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I have a s&w mp15sport2 and am considering some sort of optic.tight budget,Looking for best quality for inexpensive if there is such a thing. Thanks
 

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For a non magnified optic on a budget - I would choose the Bushnell TRS-25 red dot. I've had these on AR's - shotguns - and bolt rifles. Sweet 3 MOA optic, that always holds zero and has decent glass.
 
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While not based on personal use, I have read only good things about the TRS-25 red dot. It's a quality optic, and the price point is only an added plus for those on a budget. I will buy one for myself, soon.
 

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It's hard to beat the TRS-25 for value. It's basically an industry standard for a quality budget priced red dot. But if you are on a REALLY tight budget, the Field Sport Red Dot is hard to beat too. For twenty bucks it gets rave reviews on Amazon and has for a long time. It also has a cult following on YouTube. I have two of them myself. Check it out.

https://www.amazon.com/FieldSport-M...545165350&sr=8-3&keywords=field+sport+red+dot
 

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I have the TRS-25 on my 9mm carbine and it has been reliable through quite a bit of use. On my M&P Sport I have this RDS that also has been reliable for several years including use in 3 gun matches. Actually just put the first new battery in it since I bought it. I don't do the leave it on all the time thing though.
Leapers, Inc. - Hunting/Shooting, Sporting Goods and Security Gear

I should add that if you don't buy something by Jan. 13th I will give you and update on the UTG and how it handle the all day rifle training class!
 

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I have two Bushnells - a TRS25 and a TRS32, one Sig Sauer - a Romeo, and one Vortex - a SPARC AR. I think the Vortex is the best of the bunch for under $200. The Sig was about the same price. The Bushnells were both under $100, and they work fine - they just have a bigger dot. The Sig and Vortex are 2 MOA dots. The 32 is 3MOA and the 25 is 5 MOA. Bigger dots aren't as precise, of course, but they may be easier to use in a hurry than the smaller ones.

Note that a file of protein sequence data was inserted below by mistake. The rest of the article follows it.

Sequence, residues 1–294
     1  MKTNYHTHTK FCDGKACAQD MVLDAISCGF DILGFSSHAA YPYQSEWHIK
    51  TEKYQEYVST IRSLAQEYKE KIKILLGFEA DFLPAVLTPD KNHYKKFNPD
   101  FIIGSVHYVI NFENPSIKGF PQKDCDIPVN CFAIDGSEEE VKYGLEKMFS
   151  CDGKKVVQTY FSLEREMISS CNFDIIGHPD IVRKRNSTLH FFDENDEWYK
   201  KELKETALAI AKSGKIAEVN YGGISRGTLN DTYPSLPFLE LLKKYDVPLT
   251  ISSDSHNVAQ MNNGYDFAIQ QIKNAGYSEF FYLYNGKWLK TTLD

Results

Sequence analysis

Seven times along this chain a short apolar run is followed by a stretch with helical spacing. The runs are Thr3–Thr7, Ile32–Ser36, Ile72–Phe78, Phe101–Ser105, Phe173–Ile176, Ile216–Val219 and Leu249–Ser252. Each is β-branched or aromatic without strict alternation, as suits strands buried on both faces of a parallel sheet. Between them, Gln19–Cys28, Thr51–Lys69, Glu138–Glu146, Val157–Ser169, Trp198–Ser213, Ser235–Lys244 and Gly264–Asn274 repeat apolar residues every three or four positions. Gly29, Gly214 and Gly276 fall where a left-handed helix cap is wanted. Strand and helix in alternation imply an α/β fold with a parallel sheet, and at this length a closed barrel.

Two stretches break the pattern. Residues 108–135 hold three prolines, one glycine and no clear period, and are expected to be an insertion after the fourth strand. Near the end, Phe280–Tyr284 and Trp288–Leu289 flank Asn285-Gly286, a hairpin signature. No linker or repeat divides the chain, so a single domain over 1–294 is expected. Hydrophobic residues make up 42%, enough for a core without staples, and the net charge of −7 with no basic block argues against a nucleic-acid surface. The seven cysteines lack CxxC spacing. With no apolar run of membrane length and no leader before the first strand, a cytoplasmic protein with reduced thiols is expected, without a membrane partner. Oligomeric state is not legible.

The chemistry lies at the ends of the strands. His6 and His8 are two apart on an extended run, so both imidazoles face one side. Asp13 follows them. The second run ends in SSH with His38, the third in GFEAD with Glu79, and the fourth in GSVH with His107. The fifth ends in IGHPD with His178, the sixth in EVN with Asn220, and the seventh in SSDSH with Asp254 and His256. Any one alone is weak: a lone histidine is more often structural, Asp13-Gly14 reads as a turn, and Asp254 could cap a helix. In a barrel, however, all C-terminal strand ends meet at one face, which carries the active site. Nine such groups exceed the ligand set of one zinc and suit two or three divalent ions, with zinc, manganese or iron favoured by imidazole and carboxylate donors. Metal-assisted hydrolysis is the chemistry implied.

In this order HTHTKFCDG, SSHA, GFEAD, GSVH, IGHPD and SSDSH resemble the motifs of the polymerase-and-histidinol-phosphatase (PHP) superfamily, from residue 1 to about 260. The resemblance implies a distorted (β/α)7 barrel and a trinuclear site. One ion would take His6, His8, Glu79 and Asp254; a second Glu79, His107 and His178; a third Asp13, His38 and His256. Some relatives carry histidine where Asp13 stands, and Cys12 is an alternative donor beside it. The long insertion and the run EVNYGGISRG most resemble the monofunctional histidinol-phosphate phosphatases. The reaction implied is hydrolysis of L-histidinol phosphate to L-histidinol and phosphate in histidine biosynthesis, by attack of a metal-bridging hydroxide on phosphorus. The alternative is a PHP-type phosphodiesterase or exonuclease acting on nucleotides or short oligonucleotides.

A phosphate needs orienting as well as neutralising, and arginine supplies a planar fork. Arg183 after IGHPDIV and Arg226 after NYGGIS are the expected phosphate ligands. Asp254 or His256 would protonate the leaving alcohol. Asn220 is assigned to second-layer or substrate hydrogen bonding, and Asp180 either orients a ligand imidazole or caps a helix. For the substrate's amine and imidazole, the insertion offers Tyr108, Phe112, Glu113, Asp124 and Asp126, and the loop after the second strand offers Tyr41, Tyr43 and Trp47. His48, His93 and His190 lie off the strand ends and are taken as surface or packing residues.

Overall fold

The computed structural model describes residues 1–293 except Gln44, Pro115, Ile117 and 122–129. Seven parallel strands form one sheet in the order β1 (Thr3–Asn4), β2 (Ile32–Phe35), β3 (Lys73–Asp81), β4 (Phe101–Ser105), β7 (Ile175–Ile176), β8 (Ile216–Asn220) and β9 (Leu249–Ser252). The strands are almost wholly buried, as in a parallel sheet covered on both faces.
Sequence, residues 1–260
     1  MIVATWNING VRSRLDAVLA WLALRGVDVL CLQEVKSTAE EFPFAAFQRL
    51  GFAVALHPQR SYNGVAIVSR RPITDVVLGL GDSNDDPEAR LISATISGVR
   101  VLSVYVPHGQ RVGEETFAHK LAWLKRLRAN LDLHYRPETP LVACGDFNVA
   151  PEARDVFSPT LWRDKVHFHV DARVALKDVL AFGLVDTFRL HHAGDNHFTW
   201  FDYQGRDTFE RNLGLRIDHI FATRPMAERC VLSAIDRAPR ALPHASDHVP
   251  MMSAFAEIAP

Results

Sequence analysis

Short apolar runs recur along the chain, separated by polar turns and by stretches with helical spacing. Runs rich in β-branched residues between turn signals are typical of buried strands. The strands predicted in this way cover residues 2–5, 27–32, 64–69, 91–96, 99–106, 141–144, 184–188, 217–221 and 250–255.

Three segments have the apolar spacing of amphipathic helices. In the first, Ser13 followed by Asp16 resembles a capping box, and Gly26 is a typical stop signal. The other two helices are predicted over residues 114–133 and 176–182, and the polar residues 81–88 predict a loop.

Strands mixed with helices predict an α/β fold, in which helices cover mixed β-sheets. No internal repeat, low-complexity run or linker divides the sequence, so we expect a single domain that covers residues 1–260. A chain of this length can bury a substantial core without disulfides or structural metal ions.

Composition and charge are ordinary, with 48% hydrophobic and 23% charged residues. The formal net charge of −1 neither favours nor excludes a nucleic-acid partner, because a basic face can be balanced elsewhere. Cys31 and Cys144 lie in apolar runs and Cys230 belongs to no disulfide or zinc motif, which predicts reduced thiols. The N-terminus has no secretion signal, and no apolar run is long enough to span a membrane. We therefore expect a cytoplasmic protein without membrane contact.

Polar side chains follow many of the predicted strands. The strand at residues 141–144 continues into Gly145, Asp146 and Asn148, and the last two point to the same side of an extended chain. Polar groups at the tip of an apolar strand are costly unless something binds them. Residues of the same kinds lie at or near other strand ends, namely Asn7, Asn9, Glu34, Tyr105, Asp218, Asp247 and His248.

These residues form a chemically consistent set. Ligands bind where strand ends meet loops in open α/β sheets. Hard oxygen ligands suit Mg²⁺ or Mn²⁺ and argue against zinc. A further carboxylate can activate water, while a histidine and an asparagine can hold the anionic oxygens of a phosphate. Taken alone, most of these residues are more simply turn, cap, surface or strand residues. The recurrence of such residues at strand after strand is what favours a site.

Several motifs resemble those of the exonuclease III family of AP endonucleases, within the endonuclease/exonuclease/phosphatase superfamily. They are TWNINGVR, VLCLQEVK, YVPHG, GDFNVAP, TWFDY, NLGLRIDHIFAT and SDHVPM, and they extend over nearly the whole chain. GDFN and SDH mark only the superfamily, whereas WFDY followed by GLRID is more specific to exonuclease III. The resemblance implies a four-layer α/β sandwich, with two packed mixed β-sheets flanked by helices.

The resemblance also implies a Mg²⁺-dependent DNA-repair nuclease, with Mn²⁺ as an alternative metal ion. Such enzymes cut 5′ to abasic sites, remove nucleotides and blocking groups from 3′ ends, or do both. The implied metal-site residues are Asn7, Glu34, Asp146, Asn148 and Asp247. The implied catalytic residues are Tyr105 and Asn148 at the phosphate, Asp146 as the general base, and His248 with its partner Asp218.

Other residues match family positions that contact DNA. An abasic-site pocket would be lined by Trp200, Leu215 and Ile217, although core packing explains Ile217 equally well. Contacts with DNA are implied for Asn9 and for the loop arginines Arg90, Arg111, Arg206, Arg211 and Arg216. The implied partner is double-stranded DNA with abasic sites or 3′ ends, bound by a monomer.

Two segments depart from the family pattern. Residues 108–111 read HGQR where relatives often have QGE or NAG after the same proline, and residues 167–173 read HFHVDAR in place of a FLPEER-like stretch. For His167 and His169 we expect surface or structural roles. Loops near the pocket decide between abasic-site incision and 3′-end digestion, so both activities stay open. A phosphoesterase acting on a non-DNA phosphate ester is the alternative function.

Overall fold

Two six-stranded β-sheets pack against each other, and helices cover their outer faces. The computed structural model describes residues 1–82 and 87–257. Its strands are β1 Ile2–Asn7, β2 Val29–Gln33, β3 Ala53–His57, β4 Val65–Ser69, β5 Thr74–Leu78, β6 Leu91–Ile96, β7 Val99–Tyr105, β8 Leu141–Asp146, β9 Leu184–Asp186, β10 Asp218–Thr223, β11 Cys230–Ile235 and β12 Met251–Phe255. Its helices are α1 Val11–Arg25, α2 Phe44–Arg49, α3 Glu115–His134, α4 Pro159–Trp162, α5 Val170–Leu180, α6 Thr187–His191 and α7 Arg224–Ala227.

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while I like the TRS-25 if I needed more accuracy at distance I use a Millett 1-4 DMS but I'm not sure if they are even still on the market. I've had one for years and moved it from gun to gun with no problems.
One of the reasons I like it even if the electronics fail or the battery goes dead it still has the dot just not illuminated.
 
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TRS 25 with a medium riser. It should sight just barely over the top of your front sight. I have them on my M&P Sports...:)
 

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First biggest question that has to be answered is what do you intend for your primary/most significant use for the rifle?

If you're going small-medium game hunting over open terrain, a zero-magnification red dot doesn't make much sense.

If you're going to compete in three-gun, a 2.5-8 scope isn't much help.

Let's start with the mission, then fit the gear to it.
 
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Usually, the only difference between cheap and expensive red dots is battery life. I have 2 TRS-25 red dots, they have good battery life, but I would change the battery before taking it out hunting, or shooting competition. I don't think I have paid over $60 for either one, with or without a riser. I use the UTG high riser (1" high and $10) on the one that came without, but the one that came with a high riser works fine too, just remember to use Locktite 242 on the bolt that secures it to your picatinny rail. Both are lower third cowitness, so they will stay out of your line of vision for the most part, until you need them.

My other red dots are a Vortex SPARC II, and a Holosun HS515C. I like the HS515C because it is a circle dot and because it has built-in flip-up lens covers. They both have digital controls, 25,000 plus hours of battery life, and shake awake (meaning they stay on and wake up when you move them).

That $200 deal on the new Vortex SPARC AR is their new AA battery red dot is the regular price of the SPARC AR plus 10 free PMags. Or if you figure the PMags at $10 each, then your are getting the SPARC AR at half price. Either way a nice buy.

I don't worry about big dots. The small ones can be a little more difficult to pick up in bright daylight and you can use the top of the big dot inside 50 yards and out to about 200 yards use the bottom of the dot for an aimpoint.

If you haven't used a red dot before, place it at the balance point (usually where the barrel meets the receiver), or maybe a little bit either way. Don't try to look through it like a scope, keep both eyes open and look at the target and the dot will appear there. I try to ignore the optic device altogether and just concentrate on looking at the target. If someone asks you, this is called the Bindon Method. Now that assumes you always mount the rifle to your shoulder the same way/place and have a consistent cheek weld (marksmanship 101, or BRM for you vets).
 
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